Then someone said, “Hey, what do you do to read people’s body language?” The statement made me recall a time when I taught Business Analysis Facilitation skills and the great dialogue that would erupt in the class, on the topic of body language. This group of professionals was no different than the people I have taught and coached. We all laughed and started picking out obvious body language choices and commenting on each choice’s interpretation. It was funny watching my business associates adjust their body to change what they were projecting as we discussed this topic.
We all know crossed arms is interpreted as a physical barrier that says you are closed off and not interested in what someone is saying. It is also somewhat of a power move. In essence, you are shutting the other person out with crossed arms. I see this one all the time. I sometimes think that people just don’t know what to do with their arms, they could be cold, resting their arms in a stance or maybe they are showing off their biceps. Either way, if you are working with a group of people, you need to know what crossed arms means and how to deal with it.
Avoiding Eye Contact
Guilty as charged. We all do it, even when we know better. When you avoid eye contact is as if you are trying to hide something. That is the general interpretation. It is also possible that you lack confidence or lack interest in the topic you are hearing. I know some people whose culture interprets directly looking into someone’s eyes as inappropriate and disrespectful. Through understanding the situation and circumstance, you need to provide a safe space and permission for someone to look into your eyes. Part of this is to understand the workplace rules of when to look into someone’s eyes. The easy answer is for introductions and when addressing someone. Ensure you consider culture.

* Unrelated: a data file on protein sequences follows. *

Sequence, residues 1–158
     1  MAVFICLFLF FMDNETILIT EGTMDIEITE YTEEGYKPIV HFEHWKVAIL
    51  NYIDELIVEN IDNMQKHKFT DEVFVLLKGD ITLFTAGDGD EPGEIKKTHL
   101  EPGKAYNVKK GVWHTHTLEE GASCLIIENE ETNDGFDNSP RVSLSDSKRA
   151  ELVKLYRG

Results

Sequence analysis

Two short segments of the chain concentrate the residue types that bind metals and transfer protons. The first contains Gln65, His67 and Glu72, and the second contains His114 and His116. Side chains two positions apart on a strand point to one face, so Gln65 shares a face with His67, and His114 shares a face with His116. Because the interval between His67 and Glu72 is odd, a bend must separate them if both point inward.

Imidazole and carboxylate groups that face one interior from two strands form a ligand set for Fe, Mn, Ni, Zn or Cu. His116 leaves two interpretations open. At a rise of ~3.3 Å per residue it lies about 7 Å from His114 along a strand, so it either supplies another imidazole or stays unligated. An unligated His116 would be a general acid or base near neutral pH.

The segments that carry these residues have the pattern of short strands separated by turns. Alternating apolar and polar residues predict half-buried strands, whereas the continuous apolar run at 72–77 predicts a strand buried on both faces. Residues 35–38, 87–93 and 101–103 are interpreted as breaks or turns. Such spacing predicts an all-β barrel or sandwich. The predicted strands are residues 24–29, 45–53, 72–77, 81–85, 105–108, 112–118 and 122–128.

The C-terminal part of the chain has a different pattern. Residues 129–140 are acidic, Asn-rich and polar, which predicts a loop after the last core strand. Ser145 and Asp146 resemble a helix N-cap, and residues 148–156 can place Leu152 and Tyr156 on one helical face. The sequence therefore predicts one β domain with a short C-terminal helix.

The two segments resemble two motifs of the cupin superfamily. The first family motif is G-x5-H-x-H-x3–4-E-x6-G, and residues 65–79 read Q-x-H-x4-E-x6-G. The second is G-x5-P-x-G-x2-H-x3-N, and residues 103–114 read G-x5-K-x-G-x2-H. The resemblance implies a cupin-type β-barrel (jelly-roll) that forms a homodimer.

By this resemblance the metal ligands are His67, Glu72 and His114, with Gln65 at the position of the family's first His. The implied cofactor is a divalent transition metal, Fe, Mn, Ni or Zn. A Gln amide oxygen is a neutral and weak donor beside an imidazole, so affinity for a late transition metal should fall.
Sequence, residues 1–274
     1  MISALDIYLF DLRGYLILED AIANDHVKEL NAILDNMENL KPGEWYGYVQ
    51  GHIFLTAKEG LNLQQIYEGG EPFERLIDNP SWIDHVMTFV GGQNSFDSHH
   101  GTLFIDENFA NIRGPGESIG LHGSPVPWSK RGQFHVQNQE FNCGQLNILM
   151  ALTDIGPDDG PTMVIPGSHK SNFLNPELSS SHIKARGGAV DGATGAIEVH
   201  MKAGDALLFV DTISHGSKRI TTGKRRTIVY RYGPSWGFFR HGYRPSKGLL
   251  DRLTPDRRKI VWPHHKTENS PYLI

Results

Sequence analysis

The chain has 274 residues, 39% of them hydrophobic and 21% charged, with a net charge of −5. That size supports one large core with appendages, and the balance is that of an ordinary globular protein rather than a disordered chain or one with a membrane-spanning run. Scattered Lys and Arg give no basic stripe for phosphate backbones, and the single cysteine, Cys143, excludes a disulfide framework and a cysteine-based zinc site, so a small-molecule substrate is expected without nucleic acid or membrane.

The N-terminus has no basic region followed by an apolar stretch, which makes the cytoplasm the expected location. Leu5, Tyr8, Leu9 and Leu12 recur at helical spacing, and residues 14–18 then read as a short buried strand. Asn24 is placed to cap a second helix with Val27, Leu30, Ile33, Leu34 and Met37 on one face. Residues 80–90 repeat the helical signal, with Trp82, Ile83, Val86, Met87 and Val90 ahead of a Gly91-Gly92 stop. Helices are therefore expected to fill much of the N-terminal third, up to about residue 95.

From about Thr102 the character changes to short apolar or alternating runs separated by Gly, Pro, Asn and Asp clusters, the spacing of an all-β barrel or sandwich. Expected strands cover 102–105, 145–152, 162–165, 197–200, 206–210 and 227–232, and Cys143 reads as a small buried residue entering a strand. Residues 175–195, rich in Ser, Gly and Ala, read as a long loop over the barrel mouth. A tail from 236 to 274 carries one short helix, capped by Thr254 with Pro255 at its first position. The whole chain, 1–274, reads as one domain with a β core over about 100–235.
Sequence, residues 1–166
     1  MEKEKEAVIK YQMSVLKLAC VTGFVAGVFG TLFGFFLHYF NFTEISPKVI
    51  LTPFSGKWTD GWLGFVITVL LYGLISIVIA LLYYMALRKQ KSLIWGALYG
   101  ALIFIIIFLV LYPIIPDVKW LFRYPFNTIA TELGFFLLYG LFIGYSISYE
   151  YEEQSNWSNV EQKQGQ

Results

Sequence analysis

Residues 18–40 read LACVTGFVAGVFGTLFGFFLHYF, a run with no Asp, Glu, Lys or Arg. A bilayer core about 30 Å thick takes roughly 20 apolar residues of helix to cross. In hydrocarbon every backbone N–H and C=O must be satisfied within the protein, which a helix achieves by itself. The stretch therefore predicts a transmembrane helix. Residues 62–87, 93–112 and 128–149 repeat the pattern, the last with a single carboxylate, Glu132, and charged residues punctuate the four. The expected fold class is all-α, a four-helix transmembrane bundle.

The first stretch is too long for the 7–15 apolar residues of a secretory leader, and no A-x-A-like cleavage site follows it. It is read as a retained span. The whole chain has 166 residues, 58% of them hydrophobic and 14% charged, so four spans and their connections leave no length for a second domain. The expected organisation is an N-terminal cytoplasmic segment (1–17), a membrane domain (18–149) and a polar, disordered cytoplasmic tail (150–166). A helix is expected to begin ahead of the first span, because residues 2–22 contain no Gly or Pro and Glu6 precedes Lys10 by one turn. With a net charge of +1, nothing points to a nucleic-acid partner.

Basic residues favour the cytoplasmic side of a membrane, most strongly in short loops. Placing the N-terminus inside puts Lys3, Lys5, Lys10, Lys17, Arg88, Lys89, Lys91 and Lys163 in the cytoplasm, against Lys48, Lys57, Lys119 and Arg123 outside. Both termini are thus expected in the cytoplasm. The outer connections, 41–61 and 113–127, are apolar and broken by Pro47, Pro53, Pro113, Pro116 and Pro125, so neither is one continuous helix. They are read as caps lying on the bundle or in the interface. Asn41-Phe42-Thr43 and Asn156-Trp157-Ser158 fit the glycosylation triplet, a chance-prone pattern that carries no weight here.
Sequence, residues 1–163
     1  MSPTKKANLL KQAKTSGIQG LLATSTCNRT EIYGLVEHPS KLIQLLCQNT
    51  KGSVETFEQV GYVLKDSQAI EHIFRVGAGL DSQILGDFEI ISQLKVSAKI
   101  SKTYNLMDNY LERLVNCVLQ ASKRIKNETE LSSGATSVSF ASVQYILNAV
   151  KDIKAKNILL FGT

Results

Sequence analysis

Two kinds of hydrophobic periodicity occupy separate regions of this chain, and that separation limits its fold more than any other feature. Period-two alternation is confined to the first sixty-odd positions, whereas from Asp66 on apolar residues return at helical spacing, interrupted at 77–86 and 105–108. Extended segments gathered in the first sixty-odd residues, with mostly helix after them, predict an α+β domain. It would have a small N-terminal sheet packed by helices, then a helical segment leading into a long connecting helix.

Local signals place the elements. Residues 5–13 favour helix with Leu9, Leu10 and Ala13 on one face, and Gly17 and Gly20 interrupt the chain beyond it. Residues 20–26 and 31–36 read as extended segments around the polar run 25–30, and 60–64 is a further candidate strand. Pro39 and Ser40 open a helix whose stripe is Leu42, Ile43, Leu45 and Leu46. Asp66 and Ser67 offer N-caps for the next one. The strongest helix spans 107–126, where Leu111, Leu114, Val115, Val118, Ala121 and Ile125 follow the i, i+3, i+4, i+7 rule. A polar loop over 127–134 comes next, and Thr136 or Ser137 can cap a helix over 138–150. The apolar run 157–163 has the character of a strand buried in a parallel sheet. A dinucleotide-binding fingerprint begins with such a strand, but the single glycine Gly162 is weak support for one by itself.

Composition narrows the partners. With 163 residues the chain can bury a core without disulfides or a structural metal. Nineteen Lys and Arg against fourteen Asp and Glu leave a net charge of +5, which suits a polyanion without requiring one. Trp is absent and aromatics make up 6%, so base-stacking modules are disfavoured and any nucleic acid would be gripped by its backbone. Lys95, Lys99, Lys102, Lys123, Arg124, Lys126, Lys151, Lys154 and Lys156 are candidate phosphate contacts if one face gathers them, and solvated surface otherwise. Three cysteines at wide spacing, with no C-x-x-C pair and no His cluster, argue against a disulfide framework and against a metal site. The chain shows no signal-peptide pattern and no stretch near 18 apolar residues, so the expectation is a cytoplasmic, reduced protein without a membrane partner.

Looking Down When You Talk
The interpretation is you are self-conscious and lack confidence. Your words fade, are hard to hear and lose their impact. Focus on keeping your eyes level when making important points or when addressing someone. I am into fitness and workout intensely with various partners. Recently, one of my female peers joined me. She wanted to do more weights for her biceps, so I agreed to spot her. As she was lifting, she turned her head slightly and looked down. Two things were happening: First, she wasn’t confident in lifting the added weight, and second, she was uncomfortable looking towards me. So that she wouldn’t injure herself, I stopped her and told her to pretend that she was in front of an audience and look straight ahead. Interestingly, it looked like she was looking at me, but she was focusing on projecting, using a simple technique to keep her head up and in line.
Playing with Hands, Hair or Whatever
For me, this one is not an issue since I left my hair in the 1990s somewhere. But maybe you play with your rings, or you are always fixing your shirt, pants or skirt. This interpretation varies depending on what you read. You could be nervous, or maybe you had too much coffee that day and the shakes kicked in, or you are anxious and distracted. The interpretation here is that you might be a little vain; concerned about appearance and not enough about your career or the stakeholder. I guess you just have to learn not to fidget.
Eye-Rolling When Someone Contributes